In an age where the actions of one player can cripple an entire organization’s reputation, a handshake no longer cuts it.
Trust goes a long way in commercial relationships, but not far enough to truly manage third-party integrity risks amid increased regulator and stakeholder scrutiny. Doing business in the modern world means bringing any number of allies and supply chain partners into your network; and in an age where the unscrupulous actions of one player can cripple an entire organization’s reputation, a handshake and boilerplate agreement no longer cuts it.
Not that third-party risk can be avoided. Modern organizations rely on strategic alliances and partnerships to keep pace with innovation, gain footholds in foreign markets, lower costs and adopt technologies that get them closer to their customers. The need for third-party relationships is nothing new, but now – more than ever – organizations must insulate themselves against the illegal, fraudulent and reputationally damaging actions of their partners.
One weak link
We do not need to search far for examples of companies succumbing to third-party damage. Be it financial institutions unknowingly doing business with corrupt or fraudulent players, pharmaceutical industry partners accused of bribery, or global organizations linked to manufacturers with poor working conditions, there are countless headlines of dubious players harming otherwise reputable organizations.
As a result, organizations are much more cautious about who they are bringing into their network. Third-party arrangements are being scrutinized to a higher degree, prompting high-level boardroom discussions and important questions: What are we really signing up for? Do we understand who we are doing business with? Do we know their integrity? Are we willing to stake our reputation on their operations?
What can you do today?
Technology investments notwithstanding, there are several actions that organizations can take to gain more immediate comfort over their third-party risks.
Trust is still an asset in any partnership, but it is only the foundation. More and more organizations are turning to data analytics and digital tools to gain deeper insights into their potential third-party arrangements. They are using sophisticated 'scrubbing' tools to pour through online sources for accurate and relevant information about who they are bringing into their networks, whether or not they have skeletons in the cupboard that may put at risk the organization's values, regulatory obligations and ultimately the reputation.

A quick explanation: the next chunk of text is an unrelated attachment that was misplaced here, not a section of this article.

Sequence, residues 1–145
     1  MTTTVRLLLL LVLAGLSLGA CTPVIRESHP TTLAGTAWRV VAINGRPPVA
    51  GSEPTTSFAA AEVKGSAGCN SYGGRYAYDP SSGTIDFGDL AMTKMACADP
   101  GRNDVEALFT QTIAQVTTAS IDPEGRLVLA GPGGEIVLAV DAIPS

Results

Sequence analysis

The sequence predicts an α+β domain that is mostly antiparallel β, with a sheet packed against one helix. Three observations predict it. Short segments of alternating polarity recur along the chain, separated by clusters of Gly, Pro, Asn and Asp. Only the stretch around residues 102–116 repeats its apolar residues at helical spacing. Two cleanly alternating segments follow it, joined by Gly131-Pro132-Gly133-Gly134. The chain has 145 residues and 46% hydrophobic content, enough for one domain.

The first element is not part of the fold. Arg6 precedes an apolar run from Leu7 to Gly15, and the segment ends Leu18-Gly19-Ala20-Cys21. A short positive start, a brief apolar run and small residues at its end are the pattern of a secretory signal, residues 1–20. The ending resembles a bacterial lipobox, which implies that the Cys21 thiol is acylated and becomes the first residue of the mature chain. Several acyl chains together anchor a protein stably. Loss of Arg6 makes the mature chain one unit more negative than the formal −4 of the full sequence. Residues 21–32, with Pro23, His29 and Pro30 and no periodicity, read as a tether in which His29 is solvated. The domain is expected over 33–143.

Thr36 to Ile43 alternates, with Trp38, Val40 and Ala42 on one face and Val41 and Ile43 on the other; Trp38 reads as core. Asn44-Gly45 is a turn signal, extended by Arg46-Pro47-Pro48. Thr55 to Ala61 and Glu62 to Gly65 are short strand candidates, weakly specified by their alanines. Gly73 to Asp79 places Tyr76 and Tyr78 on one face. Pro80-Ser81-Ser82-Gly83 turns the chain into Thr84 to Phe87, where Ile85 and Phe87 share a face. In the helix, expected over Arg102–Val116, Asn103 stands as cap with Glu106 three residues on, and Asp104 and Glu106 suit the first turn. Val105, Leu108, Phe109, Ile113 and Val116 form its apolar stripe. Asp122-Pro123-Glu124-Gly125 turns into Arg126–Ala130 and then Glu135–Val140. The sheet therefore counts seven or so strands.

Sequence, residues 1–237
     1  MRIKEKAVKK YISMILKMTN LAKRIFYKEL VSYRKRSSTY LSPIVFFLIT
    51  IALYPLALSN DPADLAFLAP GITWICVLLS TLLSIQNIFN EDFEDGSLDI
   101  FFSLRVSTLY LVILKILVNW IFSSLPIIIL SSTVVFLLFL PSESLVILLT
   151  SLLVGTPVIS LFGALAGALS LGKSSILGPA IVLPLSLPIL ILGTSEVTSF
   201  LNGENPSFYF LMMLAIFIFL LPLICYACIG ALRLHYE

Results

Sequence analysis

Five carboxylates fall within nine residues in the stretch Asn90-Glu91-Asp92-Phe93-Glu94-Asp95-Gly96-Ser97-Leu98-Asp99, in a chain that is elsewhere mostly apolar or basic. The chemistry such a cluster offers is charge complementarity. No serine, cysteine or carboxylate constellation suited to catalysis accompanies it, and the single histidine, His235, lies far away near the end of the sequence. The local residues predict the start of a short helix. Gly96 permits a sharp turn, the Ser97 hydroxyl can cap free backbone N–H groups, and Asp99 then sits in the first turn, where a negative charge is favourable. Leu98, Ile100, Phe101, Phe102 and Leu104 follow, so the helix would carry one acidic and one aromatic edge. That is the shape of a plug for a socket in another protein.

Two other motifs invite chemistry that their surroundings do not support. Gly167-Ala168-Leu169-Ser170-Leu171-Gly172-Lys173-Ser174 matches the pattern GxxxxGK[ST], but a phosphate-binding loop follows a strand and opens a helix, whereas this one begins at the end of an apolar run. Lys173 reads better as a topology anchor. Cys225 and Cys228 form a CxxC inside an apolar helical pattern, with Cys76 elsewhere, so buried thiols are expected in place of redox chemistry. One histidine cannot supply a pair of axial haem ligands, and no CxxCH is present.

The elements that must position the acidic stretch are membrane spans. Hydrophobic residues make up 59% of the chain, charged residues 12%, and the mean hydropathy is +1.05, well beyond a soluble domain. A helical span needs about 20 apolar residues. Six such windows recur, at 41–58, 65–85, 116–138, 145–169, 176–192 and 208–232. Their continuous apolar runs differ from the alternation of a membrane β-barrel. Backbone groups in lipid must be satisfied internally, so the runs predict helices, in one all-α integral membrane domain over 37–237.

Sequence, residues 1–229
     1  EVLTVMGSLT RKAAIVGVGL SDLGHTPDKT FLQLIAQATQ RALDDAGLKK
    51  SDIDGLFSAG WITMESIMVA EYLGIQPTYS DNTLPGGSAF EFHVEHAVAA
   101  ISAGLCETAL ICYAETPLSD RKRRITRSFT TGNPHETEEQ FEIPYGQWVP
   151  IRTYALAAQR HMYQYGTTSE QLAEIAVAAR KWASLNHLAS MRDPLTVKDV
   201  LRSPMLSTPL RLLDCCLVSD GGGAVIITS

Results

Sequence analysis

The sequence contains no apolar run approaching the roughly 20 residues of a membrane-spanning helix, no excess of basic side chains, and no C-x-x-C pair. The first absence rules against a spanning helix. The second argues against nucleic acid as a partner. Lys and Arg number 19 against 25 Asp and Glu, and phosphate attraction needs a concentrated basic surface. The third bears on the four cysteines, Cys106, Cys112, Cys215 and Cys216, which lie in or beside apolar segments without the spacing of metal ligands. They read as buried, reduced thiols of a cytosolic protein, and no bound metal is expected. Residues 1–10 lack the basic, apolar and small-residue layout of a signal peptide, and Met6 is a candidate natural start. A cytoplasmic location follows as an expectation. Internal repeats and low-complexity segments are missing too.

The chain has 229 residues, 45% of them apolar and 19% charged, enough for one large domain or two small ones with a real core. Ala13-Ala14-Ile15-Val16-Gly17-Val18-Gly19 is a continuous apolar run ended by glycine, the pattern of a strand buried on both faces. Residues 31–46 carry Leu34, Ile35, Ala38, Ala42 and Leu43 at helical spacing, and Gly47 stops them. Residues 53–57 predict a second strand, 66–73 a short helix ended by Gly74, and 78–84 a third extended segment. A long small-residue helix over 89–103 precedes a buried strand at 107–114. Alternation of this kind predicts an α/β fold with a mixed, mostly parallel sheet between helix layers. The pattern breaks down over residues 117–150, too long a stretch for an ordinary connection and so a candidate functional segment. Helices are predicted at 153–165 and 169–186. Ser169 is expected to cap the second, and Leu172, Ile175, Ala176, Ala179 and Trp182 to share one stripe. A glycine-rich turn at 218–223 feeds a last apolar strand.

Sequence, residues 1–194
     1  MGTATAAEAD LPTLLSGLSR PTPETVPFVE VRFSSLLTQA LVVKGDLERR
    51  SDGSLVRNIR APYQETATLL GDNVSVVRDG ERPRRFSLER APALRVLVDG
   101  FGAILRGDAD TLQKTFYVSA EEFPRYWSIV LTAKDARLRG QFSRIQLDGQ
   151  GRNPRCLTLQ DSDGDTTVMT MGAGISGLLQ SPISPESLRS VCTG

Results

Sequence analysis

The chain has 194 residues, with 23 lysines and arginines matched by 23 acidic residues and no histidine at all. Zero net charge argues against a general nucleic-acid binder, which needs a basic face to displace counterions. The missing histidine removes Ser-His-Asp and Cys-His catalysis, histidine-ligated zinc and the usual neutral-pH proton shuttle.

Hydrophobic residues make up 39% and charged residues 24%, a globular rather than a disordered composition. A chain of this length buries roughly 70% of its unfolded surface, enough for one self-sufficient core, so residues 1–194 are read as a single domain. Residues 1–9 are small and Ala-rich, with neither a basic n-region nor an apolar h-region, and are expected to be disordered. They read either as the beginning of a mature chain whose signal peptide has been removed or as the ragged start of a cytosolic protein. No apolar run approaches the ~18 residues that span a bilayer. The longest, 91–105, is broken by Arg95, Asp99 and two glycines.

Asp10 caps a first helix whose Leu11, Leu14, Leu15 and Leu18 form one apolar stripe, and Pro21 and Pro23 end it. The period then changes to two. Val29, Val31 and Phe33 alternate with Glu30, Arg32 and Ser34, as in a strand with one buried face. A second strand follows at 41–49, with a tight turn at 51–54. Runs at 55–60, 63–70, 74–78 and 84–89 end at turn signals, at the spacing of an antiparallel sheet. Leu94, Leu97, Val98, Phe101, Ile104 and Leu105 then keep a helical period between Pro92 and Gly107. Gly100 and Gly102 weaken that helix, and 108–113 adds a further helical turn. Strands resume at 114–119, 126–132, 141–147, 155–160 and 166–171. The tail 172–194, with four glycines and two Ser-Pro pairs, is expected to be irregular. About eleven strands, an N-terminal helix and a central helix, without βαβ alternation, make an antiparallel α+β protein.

And these tools are evolving. KPMG's K-3PID solution, for example, is an AI-enabled name-screening tool created to quickly scour massive amounts of public data simultaneously on their potential partners, while removing false positives, duplicated results, and irrelevant material. Its natural language processing and sentiment analytical capabilities enables auto translation in 60 languages, allowing users to include foreign media and sources in their investigations. The tool also maintains a full audit trail of consulted sources and discounted search results.
KPMG's next generation K-3PID solution is revolutionizing the risk management arena with the ability to help organizations monitor their third party universe on a continual basis. After all, just because a third party passes initial scrutiny, there is no guarantee it will not stray from expectations down the road, become acquired by less trustworthy owners, or bring less reputable players into their own circle. This constant monitoring is now a 'must-have' as commercial relationships can (and will) change, altering the dynamics of even the most established alliances.
What is K-3PID?
KPMG Third Party Intelligent Diligence (K-3PID) is a customizable tech-enabled, AI computing solution designed to perform rapid, broad ranging and cost-effective third-party due diligence, while translating results, auto-discounting false positives and generating a full audit trail.
Every strategy is unique
Different organizations will explore different approaches to third-party risk. Financial institutions, for example, may focus more keenly on regulatory risks such as money laundering and fraud, while entities in less regulated sectors might concern themselves more with quality control, bribery and corruption, and other reputational considerations. No matter the factors at play, organizations must make third-party risk management a priority by using technology, stronger oversight, and controls to tackle what trust alone cannot cover.
Let's do this.
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